What fundamental goals and ethics should an economic system serve in a democratic society? This is not a question posed and considered by a group of leading economists. Nor is it being raised by a group of leading political figures. Instead, it is the theme of the “Pastoral Letter on Catholic Social Teaching and the U.S. Economy” prepared by a committee of the National Conference of Catholic Bishops.
The Letter begins with a major assumption: “Everyone knows the significance of economic policy, economic organizations and economic relationships, a significance that goes beyond purely secular or technical questions to profoundly human, and therefore moral, matters.” Everyone? Flow about our corporate and political leaders? They are so mired in tax loopholes, trade secrecy, mergers, acquisitions, political action committees, crass versions of bottom lines and incessant forecasting that they have nearly abolished their worthier horizons. Most politicians think it conservative chic not to talk of the growing poverty in the United States. The business bosses, apart from a few such as William Norris of Control Data, do not even consider the economic needs of millions of unemployed, ill-housed and poorly fed Americans as a challenge to corporate production and marketing innovations. The underclass is just an expendable sub-economy.
The Bishops make their concerns very clear. First and foremost among them are the poor “because they are vulnerable and needy.” “We believe,” wrote the Bishops in their draft, “that the level of inequality in income and wealth in our society and even more the inequality in income and wealth in our society and even more the inequality on the world scale today must be judged morally unacceptable.” While here in Washington, Reaganites want to abolish what is left of the inheritance tax and are admiring the concept of the flat tax under which a garage mechanic and a multimillionaire can be given equal tax treatment.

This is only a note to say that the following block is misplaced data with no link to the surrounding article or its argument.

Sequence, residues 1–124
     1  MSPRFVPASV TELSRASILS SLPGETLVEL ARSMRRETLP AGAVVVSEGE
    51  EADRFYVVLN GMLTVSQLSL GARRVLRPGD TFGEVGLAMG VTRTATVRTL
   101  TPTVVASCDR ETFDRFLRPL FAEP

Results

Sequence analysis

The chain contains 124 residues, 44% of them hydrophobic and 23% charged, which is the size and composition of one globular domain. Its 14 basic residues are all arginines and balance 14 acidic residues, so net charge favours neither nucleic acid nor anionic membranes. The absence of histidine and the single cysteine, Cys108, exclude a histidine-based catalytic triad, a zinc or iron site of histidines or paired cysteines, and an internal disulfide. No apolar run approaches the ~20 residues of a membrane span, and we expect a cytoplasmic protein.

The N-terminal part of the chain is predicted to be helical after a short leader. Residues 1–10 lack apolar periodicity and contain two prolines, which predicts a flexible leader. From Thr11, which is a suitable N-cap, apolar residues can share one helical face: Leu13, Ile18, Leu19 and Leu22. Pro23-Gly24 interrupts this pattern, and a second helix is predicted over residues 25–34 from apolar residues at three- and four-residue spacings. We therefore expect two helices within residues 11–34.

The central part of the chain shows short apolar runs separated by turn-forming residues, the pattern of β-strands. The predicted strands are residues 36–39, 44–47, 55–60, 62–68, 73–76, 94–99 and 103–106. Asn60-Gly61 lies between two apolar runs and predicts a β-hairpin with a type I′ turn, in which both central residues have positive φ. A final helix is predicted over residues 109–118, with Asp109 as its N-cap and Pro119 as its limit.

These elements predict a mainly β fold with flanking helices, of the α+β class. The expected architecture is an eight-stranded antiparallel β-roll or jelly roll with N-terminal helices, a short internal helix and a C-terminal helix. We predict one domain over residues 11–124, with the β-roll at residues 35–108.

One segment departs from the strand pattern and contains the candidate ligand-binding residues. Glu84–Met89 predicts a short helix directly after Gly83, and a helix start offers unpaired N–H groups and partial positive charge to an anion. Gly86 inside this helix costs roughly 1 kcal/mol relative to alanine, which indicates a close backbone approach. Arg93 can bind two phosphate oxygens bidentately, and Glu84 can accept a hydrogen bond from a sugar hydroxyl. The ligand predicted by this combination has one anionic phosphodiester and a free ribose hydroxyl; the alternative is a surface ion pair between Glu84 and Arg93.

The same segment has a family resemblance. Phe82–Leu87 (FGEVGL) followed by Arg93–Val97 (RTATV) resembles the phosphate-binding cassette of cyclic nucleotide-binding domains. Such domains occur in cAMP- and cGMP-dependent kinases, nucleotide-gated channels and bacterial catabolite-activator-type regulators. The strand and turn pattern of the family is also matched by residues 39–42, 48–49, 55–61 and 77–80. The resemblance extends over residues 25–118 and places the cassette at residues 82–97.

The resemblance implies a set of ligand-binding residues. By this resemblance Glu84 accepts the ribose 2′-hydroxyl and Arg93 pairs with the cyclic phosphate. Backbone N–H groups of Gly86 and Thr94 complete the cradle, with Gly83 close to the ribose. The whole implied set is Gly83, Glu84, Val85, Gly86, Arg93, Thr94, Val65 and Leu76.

It is obvious that the Bishops held back some of their illuminating lasers. When writing of the “preservation of privileged concentrations of power, wealth and income” and the necessity for “economic rights and responsibilities” to “find expression in the institutional order of society,” the Bishops did not fill in the blanks with the corporations from the Fortune 500 or the wealthy in the Forbes 400. Pastoral letters stay general. But if any of the superrich and powerful read the Bishops’ words, there was no difficulty in getting their message.
But what are the carriers for implementing this message? Take, for example, the passage on the role of consumption: “In our economy consumption is a stimulus to production, and increased production generates employment. As consumers, therefore, all of us play an important role in the pursuit of economic justice.” The Bishops then urge that “the norms of human justice impose distinct limits” on a gluttony of consumption and accumulation of wealth. “A consumerist mentality,” they observe, “which encourages immediate gratification mortgages our future and ultimately risks undermining the foundations of a just order.”
Here an opportunity was missed to recommend group consumer action which reduces waste, corruption, fraud and crime in the marketplace and diminishes the misuse of governmental powers by the. affluent to further the gap between the haves and the have riots. For instance, the compulsory consumption of massive pollution, the merchandising of products too wasteful of energy, and the corporate—Washington bias against renewable energy all lend themselves to coordinated consumer response and rejection.
It is not just the avarice of overconsumption but the imbalance of power between a few powerful sellers and many unorganized buyers that erodes the health, safety and economic well—being of human beings. This imbalance leaps in its consequences to global levels as in the buildup of carbon dioxide and the spread of acid rain.
The Bishops will receive and consider comments on their draft pastoral letter for another year. May they see the wisdom of including modes of empowering consumers to expand the political economy’s respect for broader and deeper needs and values. Statements of principles and declarations of missions, no matter how eloquent and noble, need dynamic mechanisms and institutions to maintain public receptiveness. Civic empowerment, for which a democracy can provide a timely accomodation under law, is justice’s engine.